Microsoft's Flight Simulator X was an awesome game nine years ago, but it has enjoyed continued success from a dedicated fanbase -- the kind of people with multi-monitor, multi-TV rigs with dedicated rooms. Now FSX has its very own specialised, backlit, custom-made keyboard.
Tagged With flight simulators
With four vertically-mounted 55-inch LCD displays completely filling your field-of-view, it's immediately obvious that this flight simulator from VRX isn't going to come cheap. But with a price tag of $US75,000 you might actually be better off just putting all that money towards getting your actual pilot's licence.
I've never been a great flyer. It's not that I'm scared of flying per sé. I just get a bit up-chuckish with turbulence and whatnot. At least, that was until a few months ago when I got stranded in China for 33 hours following a freak storm over Hong Kong airport. Now my fear of throwing up has evolved into a fully-formed anxiety response when boarding flights. Last week I found a cure for that anxiety, however, and it's one that everyone can get in on.
By some estimates, Santa has to travel 3,000 times faster than the speed of sound to deliver billions of gifts in one night. So it's not surprising that even he needs to log some time in a sleigh simulator.
Your typical fake cockpit simulator has limited manoeuvrability, but this high-speed robot arm can move in multiple axis at the same time, accurately recreating the feeling of flying including the extreme g-forces that come with it.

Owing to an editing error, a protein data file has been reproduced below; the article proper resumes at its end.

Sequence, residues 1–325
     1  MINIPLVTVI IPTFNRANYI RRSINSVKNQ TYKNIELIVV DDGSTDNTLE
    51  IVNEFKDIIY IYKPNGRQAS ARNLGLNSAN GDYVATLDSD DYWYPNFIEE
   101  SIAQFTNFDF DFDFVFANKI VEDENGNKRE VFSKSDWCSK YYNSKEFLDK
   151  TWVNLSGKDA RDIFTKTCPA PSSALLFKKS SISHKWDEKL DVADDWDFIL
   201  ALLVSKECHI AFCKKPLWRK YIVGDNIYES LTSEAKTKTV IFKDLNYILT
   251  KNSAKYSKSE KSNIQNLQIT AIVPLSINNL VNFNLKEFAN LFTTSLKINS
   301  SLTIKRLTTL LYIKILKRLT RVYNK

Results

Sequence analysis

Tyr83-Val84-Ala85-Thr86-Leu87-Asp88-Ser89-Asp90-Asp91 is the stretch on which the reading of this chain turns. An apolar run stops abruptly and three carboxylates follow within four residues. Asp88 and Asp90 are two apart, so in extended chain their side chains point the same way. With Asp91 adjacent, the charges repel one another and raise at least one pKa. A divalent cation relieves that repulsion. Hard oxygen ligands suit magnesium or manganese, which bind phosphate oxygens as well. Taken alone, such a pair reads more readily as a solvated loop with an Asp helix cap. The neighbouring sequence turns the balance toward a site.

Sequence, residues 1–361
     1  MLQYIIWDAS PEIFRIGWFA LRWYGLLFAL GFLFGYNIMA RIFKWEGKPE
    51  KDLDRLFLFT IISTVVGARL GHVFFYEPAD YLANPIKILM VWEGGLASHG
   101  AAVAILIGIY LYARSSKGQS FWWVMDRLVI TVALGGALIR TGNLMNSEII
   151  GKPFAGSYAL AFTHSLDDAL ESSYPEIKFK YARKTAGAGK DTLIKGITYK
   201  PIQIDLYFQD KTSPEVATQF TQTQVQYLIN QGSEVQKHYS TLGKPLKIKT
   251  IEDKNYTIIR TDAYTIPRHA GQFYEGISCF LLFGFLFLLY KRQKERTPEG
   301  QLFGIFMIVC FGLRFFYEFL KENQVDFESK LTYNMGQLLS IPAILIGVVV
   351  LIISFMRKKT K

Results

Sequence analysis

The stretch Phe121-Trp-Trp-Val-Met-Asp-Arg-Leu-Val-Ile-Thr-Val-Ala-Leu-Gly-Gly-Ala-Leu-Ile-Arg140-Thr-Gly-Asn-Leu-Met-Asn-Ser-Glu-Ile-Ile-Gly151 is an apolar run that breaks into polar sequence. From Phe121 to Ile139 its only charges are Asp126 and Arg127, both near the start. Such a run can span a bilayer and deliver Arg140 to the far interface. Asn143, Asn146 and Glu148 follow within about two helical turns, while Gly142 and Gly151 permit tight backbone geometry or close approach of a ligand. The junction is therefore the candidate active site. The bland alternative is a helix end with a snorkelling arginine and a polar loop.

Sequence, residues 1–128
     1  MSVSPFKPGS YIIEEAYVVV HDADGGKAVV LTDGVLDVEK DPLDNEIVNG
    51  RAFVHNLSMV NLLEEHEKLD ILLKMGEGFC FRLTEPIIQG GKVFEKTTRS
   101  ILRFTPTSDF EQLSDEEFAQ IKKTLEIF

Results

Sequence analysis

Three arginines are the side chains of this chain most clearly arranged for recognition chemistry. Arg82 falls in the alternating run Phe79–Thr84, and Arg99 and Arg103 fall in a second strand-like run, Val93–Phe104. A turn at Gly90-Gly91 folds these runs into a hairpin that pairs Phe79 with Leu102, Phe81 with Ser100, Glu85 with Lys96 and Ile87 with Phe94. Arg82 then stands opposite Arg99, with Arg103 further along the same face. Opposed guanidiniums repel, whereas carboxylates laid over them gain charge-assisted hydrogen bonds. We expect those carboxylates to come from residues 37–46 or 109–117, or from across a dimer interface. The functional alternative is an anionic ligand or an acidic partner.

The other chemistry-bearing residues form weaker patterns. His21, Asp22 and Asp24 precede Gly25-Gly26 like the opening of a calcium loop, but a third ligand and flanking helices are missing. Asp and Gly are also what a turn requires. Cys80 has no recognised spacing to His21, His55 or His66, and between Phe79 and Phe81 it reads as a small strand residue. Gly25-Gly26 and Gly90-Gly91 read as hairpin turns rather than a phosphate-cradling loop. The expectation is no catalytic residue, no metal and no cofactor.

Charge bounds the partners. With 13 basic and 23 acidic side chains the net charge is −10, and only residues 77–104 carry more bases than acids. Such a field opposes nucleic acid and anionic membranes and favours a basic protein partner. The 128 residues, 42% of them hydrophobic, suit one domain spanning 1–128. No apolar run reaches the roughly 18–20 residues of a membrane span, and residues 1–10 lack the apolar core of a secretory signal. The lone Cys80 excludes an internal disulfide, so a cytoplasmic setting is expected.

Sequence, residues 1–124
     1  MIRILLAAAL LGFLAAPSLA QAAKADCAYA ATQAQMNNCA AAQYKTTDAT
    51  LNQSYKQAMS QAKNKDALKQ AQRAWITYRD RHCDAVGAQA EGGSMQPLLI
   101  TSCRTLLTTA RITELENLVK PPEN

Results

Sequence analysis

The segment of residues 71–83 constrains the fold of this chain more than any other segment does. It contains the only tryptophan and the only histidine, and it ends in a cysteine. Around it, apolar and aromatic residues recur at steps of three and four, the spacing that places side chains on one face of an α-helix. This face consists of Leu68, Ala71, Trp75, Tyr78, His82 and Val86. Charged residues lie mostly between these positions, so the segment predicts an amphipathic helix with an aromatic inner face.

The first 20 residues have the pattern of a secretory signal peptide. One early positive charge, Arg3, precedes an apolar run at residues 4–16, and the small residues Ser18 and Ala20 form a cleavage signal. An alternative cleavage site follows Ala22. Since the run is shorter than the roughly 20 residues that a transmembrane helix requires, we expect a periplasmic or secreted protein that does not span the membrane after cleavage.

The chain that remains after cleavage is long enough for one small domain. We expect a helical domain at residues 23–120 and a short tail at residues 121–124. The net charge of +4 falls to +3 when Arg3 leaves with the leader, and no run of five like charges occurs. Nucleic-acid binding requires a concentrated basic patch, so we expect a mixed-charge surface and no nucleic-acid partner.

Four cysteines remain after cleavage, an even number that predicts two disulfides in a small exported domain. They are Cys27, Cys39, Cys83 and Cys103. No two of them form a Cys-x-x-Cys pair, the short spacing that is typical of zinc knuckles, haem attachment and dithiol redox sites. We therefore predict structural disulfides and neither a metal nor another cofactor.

"Welcome aboard, Captain," my co-pilot Julian said to me this morning as I stepped into the cockpit of a Boeing 737-800, the world's most popular commercial aircraft. Despite a complete lack of training and experience, I strapped myself in, adjusted my harness and confidently got ready to take control. At least I knew I couldn't crash...
Elliott-wannabe Mike Pegg has wired his mountain bike to Google Earth's flight simulator mode to travel all around the world while he exercises. He used a Sun Microsystem SunSPOT, a Java-programmable wireless sensor equipped with an accelerometer and a bank of pins to connect it to the other controls. The system is simple, and it works perfectly, as you can see in the video.
If you are a hard core combat flight simulator pilot with a spare US$15,560, this completely-restored 1957 Mk. 5 ejection seat is a must. Manufactured by legendary Martin-Baker, who started work on ejection seats in 1934, this model can withstand 40 G deceleration loads and includes a canopy breaker for planes like the Grumman 9F-8T Cougar, one of the many air fighter that used it. The only bad thing is that it doesn't come "fully dressed," with cushions and harness, as you can see in the photo of the original seat after the jump.